The graph above shows a consistent decline in the water volume since before 1998. The remains of St. Thomas have been exposed since 2002 and we hiked into the valley to view the concrete bases of some major town buildings such as the school, ice cream parlor, and hotel. Here is the terrascope group returning from our hike into the lake bed. The current edge of Lake Mead is a few miles to the right of the picture:
Afterwards, we headed towards the Hoover Dam. The drive was a bit longer than I expected but it clearly showed the magnitude of Lake Mead! There was a great conversation in my van about lead in the environment as a tracer because of the percent composition of its four isotopes. My favorite parts of this trip were the intelligent side conversations that consisted of asking a lot a questions and learning about a variety of different earth science answers. There is so much out there to discover about our planet!
We stopped at an overlook near the edge of the receding waters of Lake Mead:
We finally arrived at the great Hoover Dam. The amount of concrete used in this endeavor was unimaginable. It could be used to make a sidewalk around the entire equator of the earth! The concrete would never have dried if it was just poured into this form, so the engineers put pipes in the concrete and pumped it full of cool water. Then, they filled the holes with concrete. But, the dam will still be cooling/chemically reacting for another 150 years.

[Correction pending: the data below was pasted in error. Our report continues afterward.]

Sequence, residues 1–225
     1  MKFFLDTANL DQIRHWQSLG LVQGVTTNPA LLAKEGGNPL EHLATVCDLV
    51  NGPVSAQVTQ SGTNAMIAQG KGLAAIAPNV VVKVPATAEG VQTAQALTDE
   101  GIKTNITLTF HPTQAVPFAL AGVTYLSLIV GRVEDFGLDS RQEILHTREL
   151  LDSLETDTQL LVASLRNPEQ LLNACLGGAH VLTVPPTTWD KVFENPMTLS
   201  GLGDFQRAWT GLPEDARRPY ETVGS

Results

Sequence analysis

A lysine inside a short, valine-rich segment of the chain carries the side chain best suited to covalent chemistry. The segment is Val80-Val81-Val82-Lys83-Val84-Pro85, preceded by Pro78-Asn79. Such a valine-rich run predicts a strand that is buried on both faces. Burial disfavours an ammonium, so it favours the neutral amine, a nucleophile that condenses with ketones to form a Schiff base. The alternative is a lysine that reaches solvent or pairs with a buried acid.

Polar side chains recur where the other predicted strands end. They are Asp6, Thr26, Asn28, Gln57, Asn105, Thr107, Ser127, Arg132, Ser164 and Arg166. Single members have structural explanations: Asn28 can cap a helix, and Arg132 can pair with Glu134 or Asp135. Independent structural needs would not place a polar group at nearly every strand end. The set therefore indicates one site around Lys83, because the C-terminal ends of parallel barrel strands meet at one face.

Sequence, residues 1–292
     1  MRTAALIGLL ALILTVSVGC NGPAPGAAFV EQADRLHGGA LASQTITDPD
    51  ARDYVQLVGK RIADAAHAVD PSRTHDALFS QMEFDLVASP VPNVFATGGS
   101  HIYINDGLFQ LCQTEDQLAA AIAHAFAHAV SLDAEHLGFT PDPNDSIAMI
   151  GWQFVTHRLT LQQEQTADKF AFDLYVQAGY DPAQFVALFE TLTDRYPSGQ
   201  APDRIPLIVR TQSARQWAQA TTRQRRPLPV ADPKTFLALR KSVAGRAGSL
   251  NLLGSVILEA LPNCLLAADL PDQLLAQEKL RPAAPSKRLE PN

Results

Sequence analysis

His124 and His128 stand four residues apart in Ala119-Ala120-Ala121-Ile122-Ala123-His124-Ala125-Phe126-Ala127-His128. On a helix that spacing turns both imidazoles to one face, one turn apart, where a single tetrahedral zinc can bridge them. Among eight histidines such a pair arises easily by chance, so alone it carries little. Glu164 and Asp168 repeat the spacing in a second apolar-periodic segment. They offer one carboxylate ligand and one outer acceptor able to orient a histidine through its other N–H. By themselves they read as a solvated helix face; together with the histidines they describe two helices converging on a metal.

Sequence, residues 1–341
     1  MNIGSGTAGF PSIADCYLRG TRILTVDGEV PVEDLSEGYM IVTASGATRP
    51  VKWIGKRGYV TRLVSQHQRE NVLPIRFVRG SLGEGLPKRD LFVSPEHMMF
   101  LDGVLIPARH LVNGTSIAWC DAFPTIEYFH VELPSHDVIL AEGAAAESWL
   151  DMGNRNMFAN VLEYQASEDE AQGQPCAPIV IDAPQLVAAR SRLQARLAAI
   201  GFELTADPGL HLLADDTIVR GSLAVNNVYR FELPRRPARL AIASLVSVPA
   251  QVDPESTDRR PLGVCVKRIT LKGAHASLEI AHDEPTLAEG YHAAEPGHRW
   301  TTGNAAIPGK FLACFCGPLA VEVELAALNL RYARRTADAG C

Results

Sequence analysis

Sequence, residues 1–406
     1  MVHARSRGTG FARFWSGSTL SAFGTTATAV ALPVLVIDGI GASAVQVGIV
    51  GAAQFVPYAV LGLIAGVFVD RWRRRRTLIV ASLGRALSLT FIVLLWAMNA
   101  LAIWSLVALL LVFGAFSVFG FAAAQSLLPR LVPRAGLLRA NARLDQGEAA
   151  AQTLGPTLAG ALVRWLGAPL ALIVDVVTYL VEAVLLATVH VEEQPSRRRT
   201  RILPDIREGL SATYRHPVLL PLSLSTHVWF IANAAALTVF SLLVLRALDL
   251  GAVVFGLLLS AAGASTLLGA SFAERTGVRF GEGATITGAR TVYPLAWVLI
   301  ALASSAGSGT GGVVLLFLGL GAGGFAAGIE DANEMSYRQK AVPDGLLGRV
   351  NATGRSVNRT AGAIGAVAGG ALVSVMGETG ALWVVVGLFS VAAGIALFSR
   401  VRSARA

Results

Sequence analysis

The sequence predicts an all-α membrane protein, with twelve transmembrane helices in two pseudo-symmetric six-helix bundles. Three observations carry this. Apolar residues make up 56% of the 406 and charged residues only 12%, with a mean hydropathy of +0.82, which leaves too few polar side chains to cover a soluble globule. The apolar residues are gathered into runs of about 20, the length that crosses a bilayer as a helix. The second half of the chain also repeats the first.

The Hoover Dam generates hydroelectric power from the waters it retains. It produces about 4 billion kilowatt hours of energy per year and provides this energy to a significant amount of Arizona, Nevada, and California. Here is a picture looking from the top of the dam out to the "after" side. The incredible dam bypass bridge is another concrete engineering wonder and is simply one of a kind. After being deterred by wind, the bridge now rises 890 feet above the Colorado River after its recent completion.
We went inside the dam and saw the 17 generators that were turned by the water. The lights on top of each one indicate whether it is on or not.
Here is a picture of Lake Mead from the top of the dam. The white "bathtub rings" indicate water level. At the highest point, the water would have reached the top of the rings. Since the bleached band is so thick, its clear that the area is in a drought and the struggle for water in the desert will continue to increase.
I also got a few of my favorite images from the trip at Zion National Park yesterday. Here are some sandstone rocks formed from sand dunes and the process of crossbedding and changing wind patterns overtime.
Here are some clouds rolling in: